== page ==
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Build Your Business: Shop Talk
A Mountain of Opportunity in Decorated ApparelAfter more than 45 years in business, Yellowstone T-Shirt Co. shows no signs of slowing down
A willingness to adapt has been central to the success of the Yellowstone T-Shirt Co. Photo courtesy of Yellowstone T-Shirt Co.
Yellowstone T-Shirt Co. (yellowstonetshirt.com) began in 1977 as a modest 720-square-foot building on Main Street in West Yellowstone, Montana, near Yellowstone National Park. The shop was originally opened by David Ris, an entrepreneur with screen-printing experience from a previous college job. He named the company Wild West Mercantile, offering 10 designs that were screen printed over the counter, mainly for tourists. Ris also applied transfers from various companies with a heat press, the most popular of which, at the time, being the famous image of Farrah Fawcett in her red swimsuit.
It was in 1981 that Julia Wittmer began working at the shop. With Ris’ mentorship and guidance, she learned about the screen-printing business through both on-the-job training and attending industry trade shows. She worked for Ris through 1988, but their paths would cross again in 2014, when she and her husband, Scott, purchased the business.
Seizing Opportunities in Decorated Apparel
As any business owner will tell you, reacting to unforeseen situations requires a willingness to adapt to challenging situations. Back in 1988, nearly 800,000 acres of Yellowstone Park burned from wildfires, and Ris went into action, printing T-shirts at night and supplying them daily to fire-fighting personnel. Around that time, he moved Wild West Mercantile to a location three doors down,
more than doubling the size of the building to 2,000 square feet. The company name was changed to Yellowstone T-shirt Co.
During the fires and for the following five years, businesses in the town of West Yellowstone were extraordinarily busy. Visitors wanted to see firsthand the damage caused by the fires. For Ris, this was an opportunity to provide designs that related to their visit to the park, and it resulted in a considerable financial boost to the business. Through the years, Ris continued to add more designs as well as clothing and gifts, seeing success throughout the decades.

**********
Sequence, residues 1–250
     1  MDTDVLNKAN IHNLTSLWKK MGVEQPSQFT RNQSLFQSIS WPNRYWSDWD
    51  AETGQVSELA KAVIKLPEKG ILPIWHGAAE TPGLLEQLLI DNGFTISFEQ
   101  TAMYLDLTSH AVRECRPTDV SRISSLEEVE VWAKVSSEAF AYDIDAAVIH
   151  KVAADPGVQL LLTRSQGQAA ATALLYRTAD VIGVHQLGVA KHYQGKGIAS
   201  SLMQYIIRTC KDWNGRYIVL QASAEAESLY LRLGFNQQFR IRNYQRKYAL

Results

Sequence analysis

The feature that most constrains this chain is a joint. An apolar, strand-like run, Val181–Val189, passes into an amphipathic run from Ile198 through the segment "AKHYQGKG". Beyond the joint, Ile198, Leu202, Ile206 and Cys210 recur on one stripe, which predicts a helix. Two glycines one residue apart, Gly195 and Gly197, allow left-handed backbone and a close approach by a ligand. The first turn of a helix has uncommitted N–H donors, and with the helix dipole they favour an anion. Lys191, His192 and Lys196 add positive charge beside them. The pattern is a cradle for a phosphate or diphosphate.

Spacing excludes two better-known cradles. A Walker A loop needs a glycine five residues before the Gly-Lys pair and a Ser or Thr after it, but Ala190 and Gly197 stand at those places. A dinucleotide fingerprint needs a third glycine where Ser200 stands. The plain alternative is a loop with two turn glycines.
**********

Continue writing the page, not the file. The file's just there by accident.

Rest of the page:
Expansion and Growth
In the early years, Ris instilled in Wittmer the importance of listening to the customer, learning what the needs are, offering a quality product and providing a quick turnaround with unrivaled customer service. Wittmer says that since purchasing the shop nearly 10 years ago she and her husband have kept Ris’ business model in place.
“We have grown the business using this model and expanding on it,” she says. “We have a strong return clientele in both the winter and summer. In the winter, we change about half of our design wall from Yellowstone designs to snowmobiling and cross-country skiing designs.”
During the height of the COVID-19 epidemic in 2020, the Wittmers purchased a second location in Moab, Utah—the Redstone T-Shirt Co. Silk screening is not offered currently, but the growth is there, with 100 percent of the shop’s business coming from tourism alone. For the Yellowstone location, tourism accounts for 95 percent of business.
“About 75 percent of the designs that we have there are also original to the store, most of which I have designed,” Wittmer says. “We have been fortunate that Redstone has done double what we projected in the first couple of years.”
The pandemic affected business owners in many ways, and for the Wittmers, it was a time to flourish. “We were definitely some of the lucky ones during the pandemic,” Wittmer says, noting that despite their having to delay the seasonal opening of the Yellowstone location for six weeks due to COVID-19 restrictions, they still had one of their best years on record.
“Everyone wanted to get out, and the national parks were definitely a place a lot of people traveled to,” she says. “We saw a rise in people in the fall as well. People continued to home school their children, so they traveled a lot while doing it. We were so worried about what would happen, and by the end of the season, we were amazed at how well things went.”